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11ALYCYEQxL._SL160_I’m currently reading Liberal Facism by Jonah Goldberg.  I’m about halfway through, so I can’t quite do a full review yet, but I’m really loving it.  It’s a great book on its own, but it really brings in to focus some ideas I’ve been stewing on myself for years and years and was never able to bring them together in a coherent way like he has.

An excerpt that I think is a pretty good thesis:

…the point is that the edifice of contemporary liberalism stands on a foundation of assumptions and ideas integral to the larger fascist moment.  Contemporary liberals, who may be the kindest and most racially tolerant people in the world, nonetheless choose to live in a house of distinctly fascist architecture.  Liberal ignorance of this fact renders this fascist foundation neither intangible nor irrelevant.  Rather, it underscores the success of these ideas, precisely because they go unquestioned.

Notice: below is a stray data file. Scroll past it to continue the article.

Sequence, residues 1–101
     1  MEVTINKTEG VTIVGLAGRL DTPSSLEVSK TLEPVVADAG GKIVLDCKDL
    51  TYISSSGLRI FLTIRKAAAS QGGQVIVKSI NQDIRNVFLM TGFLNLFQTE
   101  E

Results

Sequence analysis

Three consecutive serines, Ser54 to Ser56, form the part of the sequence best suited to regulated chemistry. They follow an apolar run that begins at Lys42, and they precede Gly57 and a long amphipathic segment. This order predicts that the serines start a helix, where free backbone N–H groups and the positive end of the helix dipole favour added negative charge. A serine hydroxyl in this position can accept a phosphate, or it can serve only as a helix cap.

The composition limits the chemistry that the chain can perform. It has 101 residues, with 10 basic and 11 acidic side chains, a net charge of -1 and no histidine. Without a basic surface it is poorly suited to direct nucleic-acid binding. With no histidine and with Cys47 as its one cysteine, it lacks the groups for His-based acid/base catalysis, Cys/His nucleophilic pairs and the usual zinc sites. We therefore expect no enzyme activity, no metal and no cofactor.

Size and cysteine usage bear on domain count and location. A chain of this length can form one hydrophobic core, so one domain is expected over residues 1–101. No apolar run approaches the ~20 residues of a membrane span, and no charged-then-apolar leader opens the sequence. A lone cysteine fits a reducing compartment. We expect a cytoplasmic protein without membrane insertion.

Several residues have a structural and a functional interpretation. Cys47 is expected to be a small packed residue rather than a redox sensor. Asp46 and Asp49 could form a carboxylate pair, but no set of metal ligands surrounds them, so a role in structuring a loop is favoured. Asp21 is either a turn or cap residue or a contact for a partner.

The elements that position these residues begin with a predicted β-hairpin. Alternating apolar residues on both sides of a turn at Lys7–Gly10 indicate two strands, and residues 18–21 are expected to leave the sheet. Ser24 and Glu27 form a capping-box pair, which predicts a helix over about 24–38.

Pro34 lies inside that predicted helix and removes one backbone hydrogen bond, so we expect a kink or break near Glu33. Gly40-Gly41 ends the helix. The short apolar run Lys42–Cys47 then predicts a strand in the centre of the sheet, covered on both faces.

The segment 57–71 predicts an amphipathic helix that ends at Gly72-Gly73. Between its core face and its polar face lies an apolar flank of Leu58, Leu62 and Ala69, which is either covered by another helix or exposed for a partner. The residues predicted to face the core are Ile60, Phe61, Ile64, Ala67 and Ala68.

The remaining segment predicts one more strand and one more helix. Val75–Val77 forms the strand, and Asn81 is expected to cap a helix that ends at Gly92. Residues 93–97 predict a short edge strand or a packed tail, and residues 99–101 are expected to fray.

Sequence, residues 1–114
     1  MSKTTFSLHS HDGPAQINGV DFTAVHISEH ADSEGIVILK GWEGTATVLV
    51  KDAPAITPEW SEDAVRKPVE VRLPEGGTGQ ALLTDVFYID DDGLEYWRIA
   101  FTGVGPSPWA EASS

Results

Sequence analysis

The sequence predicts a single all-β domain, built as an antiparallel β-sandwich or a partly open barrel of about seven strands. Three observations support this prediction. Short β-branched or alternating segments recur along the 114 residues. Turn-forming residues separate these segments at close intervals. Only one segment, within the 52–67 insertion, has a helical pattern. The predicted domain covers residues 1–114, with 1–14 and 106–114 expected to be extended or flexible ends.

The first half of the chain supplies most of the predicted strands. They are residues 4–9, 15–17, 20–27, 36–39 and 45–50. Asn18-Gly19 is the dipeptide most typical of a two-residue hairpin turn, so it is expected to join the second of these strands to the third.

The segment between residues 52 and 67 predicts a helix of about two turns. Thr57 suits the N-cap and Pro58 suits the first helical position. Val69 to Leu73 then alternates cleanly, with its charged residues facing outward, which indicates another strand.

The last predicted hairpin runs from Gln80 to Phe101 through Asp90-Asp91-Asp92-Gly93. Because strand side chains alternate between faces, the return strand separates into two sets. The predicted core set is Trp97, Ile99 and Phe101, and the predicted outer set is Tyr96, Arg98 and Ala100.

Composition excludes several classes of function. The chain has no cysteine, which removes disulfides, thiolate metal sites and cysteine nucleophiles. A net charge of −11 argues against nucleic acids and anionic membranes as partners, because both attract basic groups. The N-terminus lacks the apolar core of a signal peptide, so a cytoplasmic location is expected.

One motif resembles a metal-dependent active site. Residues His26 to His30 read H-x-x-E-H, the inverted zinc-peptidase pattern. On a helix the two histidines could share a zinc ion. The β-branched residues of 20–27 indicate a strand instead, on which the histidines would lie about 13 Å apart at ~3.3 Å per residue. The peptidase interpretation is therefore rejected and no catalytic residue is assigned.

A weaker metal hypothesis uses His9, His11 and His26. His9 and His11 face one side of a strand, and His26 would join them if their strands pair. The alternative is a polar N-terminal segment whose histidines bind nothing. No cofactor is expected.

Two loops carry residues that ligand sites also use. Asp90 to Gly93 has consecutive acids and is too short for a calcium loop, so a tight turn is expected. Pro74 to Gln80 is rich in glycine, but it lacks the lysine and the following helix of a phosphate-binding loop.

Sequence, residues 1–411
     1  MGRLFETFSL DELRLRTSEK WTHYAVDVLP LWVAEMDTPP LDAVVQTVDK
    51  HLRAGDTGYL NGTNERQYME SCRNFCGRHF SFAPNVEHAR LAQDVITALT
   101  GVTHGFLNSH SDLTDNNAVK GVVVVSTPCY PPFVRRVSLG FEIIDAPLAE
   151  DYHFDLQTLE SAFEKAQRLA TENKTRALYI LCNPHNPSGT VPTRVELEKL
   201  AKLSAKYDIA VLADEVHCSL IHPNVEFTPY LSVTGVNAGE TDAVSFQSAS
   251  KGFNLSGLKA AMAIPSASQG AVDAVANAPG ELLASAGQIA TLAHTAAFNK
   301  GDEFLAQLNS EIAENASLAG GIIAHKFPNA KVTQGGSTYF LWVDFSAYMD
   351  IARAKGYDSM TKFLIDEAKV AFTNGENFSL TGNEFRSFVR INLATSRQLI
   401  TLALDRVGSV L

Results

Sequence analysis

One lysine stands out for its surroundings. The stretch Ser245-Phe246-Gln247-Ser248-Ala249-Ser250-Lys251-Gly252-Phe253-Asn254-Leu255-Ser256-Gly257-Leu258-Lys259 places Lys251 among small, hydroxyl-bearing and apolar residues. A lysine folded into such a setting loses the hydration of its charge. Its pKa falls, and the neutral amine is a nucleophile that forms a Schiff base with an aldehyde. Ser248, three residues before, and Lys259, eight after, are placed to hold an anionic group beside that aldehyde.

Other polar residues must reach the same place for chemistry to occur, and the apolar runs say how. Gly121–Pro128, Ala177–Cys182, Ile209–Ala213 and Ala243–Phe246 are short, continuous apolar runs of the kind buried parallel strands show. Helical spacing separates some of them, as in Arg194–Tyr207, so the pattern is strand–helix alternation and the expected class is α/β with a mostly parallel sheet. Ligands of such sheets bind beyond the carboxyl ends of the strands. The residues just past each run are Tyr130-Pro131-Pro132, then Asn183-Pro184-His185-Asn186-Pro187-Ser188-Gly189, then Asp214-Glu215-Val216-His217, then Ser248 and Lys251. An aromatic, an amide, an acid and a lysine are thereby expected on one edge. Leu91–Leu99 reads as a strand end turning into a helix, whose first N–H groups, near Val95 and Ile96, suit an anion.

The greatest asset liberalism has in arguments about racism, sexism, and the role of government generally is the implicit assumption that liberalism’s intentions are better and more high-minded than conservatism’s.  LIberals think with their hearts, conservatives with their heads, goes the cliché.  But if you take liberalism’s history into account, it’s clear this is an unfair advantage, an intellectual stolen base.  Liberals may be right or wrong about a given policy, but the assumption that they are automatically arguing from the more virtuous position is rubbish.

What is today called liberalism stands, domestically, on three legs: support for the wellfare state, abortion, and identity politics.  Obviously, this is a crude formulation…But I don’t think any fair-minded reader would dispute that these three categories nearly cover the vast bulk of the liberal agenda — or at least describe the core of liberal passions — today.

So far as I’ve read, Jonah (all bloggers are on first-name bases, as you might know) has done a magnificent job of braiding together the loose strands of political movements that I find repulsive and has given them a common theme, a family name, and a philosophical underpinning that brings modern politics and religion into much clearer focus.

P.S. – much, much more on a religious perspective of the arc of 20th-century fascist movements and modern liberalism in another post.  Reading this book from a Christian, little-r republican perspective is an entirely enlightening thing.